The Government’s consumer facing energy efficiency campaign It All Adds Up, targeted all UK adults with advice on energy saving measures. The Great British Insulation Scheme will also run until 2026 and support around 300,000 households to insulate their homes. Whilst the marketing and delivering of the scheme is industry led, the Government is looking to improve its energy advice and information service to make it easier for people to see if they are eligible for schemes like the Great British Insulation Scheme. The Government will support industries' promotion of the scheme and communicate improvements to the advice service when ready.
In Northern Ireland, electricity suppliers have been providing a £600 payment to domestic contract customers since January, with this Scheme closing on 30 June. The design of the scheme and the nature of the electricity market has meant that voucher redemption has been very successful. Redemption rates rapidly rose to in excess of 90% shortly after launch.
The Department worked with suppliers, consumer groups and charities in Northern Ireland to publicise and raise awareness of the voucher deadline to ensure all eligible households redeemed their vouchers, right up until the end of the Scheme.
I refer the Hon. Member to the answer given on 23 October to Question 203232, the study is being conducted by a consortium of industry and academic partners led by the Institute for Manufacturing at Cambridge University. The Department has worked closely with the consortium and they are expected to report back by the end of the year.
The study has consulted extensively across the sector and workshops have been held in all four nations of the UK to determine a holistic picture of the UK’s capabilities and the needs of industry.
The UK Semiconductor Infrastructure Initiative feasibility study is being conducted by a consortium of industry and academic partners led by the Institute for Manufacturing at Cambridge University and will provide recommendations on how to improve access to R&D infrastructure to boost innovation and growth in the UK semiconductor sector.
The study has consulted extensively across the sector and workshops have been held in all four nations of the UK to determine a holistic picture of the UK’s capabilities and the needs of industry.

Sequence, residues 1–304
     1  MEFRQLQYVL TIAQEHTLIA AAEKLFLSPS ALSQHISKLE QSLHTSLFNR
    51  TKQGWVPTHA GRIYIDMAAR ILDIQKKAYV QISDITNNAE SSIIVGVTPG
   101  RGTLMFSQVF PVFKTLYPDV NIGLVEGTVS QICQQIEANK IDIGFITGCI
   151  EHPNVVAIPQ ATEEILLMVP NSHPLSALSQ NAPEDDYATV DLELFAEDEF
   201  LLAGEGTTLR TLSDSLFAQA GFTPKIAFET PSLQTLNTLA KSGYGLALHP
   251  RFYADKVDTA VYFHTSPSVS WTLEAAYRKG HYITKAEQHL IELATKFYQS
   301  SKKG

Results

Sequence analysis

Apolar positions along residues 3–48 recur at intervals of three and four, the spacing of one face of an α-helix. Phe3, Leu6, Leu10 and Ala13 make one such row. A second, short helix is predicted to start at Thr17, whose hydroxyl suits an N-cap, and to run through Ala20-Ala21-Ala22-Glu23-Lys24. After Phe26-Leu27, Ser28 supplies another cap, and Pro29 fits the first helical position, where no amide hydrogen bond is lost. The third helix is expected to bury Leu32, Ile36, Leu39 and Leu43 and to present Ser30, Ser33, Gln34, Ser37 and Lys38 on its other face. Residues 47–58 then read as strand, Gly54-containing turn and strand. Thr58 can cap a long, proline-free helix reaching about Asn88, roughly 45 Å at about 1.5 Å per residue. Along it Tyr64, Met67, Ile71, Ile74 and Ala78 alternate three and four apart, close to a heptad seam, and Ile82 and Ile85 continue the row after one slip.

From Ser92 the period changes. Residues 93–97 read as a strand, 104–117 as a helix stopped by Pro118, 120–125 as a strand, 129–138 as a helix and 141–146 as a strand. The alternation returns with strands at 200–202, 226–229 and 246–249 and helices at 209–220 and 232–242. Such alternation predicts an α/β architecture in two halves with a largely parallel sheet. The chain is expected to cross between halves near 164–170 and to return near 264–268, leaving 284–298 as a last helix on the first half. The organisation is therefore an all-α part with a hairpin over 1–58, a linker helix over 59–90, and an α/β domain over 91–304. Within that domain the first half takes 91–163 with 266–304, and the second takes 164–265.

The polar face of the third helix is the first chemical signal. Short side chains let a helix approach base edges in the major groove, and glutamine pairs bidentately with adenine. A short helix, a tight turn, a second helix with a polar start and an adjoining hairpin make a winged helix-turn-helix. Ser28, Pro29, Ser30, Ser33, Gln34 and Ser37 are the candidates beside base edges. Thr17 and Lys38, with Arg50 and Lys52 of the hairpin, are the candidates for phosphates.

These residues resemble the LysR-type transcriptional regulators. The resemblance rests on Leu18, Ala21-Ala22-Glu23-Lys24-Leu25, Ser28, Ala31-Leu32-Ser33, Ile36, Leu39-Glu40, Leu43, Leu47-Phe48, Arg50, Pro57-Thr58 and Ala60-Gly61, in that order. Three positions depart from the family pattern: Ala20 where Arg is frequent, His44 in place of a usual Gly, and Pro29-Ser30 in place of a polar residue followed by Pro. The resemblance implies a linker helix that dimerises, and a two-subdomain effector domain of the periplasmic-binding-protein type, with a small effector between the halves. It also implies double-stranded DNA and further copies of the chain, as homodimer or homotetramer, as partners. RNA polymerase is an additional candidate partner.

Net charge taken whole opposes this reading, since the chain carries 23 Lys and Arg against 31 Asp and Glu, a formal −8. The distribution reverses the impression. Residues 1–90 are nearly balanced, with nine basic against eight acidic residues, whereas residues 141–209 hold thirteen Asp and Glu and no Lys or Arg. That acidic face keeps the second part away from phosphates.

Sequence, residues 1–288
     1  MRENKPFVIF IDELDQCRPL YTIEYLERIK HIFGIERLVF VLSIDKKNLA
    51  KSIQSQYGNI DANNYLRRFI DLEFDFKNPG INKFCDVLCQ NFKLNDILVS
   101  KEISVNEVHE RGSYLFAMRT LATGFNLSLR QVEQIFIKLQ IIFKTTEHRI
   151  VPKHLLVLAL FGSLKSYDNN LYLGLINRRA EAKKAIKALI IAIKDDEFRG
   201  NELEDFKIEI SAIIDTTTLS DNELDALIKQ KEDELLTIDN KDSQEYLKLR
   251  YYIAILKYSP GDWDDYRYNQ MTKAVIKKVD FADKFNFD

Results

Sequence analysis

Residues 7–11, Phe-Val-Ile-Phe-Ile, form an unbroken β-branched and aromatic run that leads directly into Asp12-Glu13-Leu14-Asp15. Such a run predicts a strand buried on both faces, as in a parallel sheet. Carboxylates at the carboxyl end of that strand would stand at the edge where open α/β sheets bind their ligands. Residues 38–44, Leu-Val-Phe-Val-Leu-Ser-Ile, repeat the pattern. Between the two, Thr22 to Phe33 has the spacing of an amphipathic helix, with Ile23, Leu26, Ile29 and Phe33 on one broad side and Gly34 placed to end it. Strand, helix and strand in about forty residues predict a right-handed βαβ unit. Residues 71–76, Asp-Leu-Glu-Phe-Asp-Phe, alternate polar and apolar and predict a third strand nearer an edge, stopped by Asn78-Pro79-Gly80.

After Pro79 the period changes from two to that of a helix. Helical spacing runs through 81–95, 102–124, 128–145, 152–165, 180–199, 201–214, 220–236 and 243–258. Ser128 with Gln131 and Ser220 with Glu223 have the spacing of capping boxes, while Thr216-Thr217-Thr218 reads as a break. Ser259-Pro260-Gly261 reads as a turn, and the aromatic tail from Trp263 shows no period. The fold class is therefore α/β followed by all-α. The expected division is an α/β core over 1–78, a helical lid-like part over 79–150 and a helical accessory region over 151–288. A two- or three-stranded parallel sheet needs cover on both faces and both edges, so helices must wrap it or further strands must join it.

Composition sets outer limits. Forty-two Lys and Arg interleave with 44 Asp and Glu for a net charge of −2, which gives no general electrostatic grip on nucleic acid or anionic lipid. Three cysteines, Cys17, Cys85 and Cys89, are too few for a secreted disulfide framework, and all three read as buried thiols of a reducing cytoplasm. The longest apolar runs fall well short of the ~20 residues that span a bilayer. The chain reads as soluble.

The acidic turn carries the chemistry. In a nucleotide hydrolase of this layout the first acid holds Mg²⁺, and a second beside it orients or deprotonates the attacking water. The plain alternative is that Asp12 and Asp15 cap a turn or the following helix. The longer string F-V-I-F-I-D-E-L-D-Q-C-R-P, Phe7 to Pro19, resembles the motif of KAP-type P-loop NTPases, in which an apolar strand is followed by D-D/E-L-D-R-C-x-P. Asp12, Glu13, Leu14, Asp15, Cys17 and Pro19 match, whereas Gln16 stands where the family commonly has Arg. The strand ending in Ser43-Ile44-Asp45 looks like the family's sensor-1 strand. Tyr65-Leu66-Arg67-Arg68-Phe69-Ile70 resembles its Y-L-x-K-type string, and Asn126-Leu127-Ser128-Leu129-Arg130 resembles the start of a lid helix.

The Semiconductor Advisory Panel is representative of the UK’s semiconductor industry, and the ecosystem that supports it. In selecting the panel, consideration was given to representation across UK specialisms in design, compound semiconductors and R&D, company size and geographic location. In an independent capacity, the panel includes senior figures from British industry leaders such as ARM, IQE and PragmatIC, as well as experts in venture capital, research and skills development. We’re confident that we have the right mix of talent to represent the breadth of the UK’s industry and help drive our strategy forward.
We continue to speak with the full spectrum of the UK’s semiconductor industry, including regular engagement with companies and representatives from across the UK.
Social tariffs are available in 99% of the UK from over 25 different providers to support those on Universal Credit and other means tested benefits to stay connected.
The Department meets regularly with providers of social tariffs to discuss awareness and take up and continues to work closely with Ofcom to encourage operators to do more to promote their social tariff offers to their customers. On 7 July 2023, Melanie Dawes, the Chief Executive of Ofcom, wrote to industry leaders to set out the regulator’s expectation that they take practical action to increase awareness.
The Life Sciences sector plays a key role in levelling up the wealth and health of the UK and is one of the Chancellor’s five key growth sectors to drive the UK economy. The Government is committed to supporting Life Sciences businesses across the country. To date over 80% of the funding allocated and employment created through our two recent sector-wide capital grants schemes – the Medicines and Diagnostics Transformation Fund and the Life Sciences Innovation Manufacturing Fund – is outside London and the South-East, through projects in all four nations of the UK.
Innovate UK is part of UK Research and Innovation (UKRI), the national funding agency investing in research & innovation which is sponsored by the Department for Science, Innovation and Technology (DSIT). Its main purpose is to invest in and facilitate research and innovation activities across the United Kingdom.